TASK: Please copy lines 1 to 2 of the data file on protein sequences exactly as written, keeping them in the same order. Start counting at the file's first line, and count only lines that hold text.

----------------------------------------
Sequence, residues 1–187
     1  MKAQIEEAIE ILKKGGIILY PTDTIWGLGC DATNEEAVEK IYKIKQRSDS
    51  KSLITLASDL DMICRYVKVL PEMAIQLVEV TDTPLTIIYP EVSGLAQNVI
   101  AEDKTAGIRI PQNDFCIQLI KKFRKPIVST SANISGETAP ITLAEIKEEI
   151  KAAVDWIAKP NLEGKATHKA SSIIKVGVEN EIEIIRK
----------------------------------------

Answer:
Sequence, residues 1–187
     1  MKAQIEEAIE ILKKGGIILY PTDTIWGLGC DATNEEAVEK IYKIKQRSDS